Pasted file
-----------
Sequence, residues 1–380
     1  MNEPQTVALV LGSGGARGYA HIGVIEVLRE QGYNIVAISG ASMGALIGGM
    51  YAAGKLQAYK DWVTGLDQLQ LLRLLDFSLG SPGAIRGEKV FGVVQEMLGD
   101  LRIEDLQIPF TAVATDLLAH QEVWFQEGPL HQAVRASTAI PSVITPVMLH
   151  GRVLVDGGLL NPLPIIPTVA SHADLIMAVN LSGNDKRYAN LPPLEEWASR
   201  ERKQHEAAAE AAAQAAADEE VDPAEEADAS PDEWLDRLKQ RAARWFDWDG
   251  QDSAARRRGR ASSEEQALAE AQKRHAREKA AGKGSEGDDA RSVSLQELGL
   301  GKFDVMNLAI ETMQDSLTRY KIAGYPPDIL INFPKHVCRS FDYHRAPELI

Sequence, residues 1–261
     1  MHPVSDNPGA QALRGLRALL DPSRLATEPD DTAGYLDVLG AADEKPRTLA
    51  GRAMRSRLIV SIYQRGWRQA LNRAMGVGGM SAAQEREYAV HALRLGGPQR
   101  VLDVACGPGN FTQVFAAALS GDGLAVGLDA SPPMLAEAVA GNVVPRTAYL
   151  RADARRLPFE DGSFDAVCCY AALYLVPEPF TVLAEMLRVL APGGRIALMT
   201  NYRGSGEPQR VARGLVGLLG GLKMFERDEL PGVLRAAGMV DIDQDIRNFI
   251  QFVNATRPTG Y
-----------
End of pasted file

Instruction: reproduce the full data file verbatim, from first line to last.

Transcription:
Sequence, residues 1–380
     1  MNEPQTVALV LGSGGARGYA HIGVIEVLRE QGYNIVAISG ASMGALIGGM
    51  YAAGKLQAYK DWVTGLDQLQ LLRLLDFSLG SPGAIRGEKV FGVVQEMLGD
   101  LRIEDLQIPF TAVATDLLAH QEVWFQEGPL HQAVRASTAI PSVITPVMLH
   151  GRVLVDGGLL NPLPIIPTVA SHADLIMAVN LSGNDKRYAN LPPLEEWASR
   201  ERKQHEAAAE AAAQAAADEE VDPAEEADAS PDEWLDRLKQ RAARWFDWDG
   251  QDSAARRRGR ASSEEQALAE AQKRHAREKA AGKGSEGDDA RSVSLQELGL
   301  GKFDVMNLAI ETMQDSLTRY KIAGYPPDIL INFPKHVCRS FDYHRAPELI

Sequence, residues 1–261
     1  MHPVSDNPGA QALRGLRALL DPSRLATEPD DTAGYLDVLG AADEKPRTLA
    51  GRAMRSRLIV SIYQRGWRQA LNRAMGVGGM SAAQEREYAV HALRLGGPQR
   101  VLDVACGPGN FTQVFAAALS GDGLAVGLDA SPPMLAEAVA GNVVPRTAYL
   151  RADARRLPFE DGSFDAVCCY AALYLVPEPF TVLAEMLRVL APGGRIALMT
   201  NYRGSGEPQR VARGLVGLLG GLKMFERDEL PGVLRAAGMV DIDQDIRNFI
   251  QFVNATRPTG Y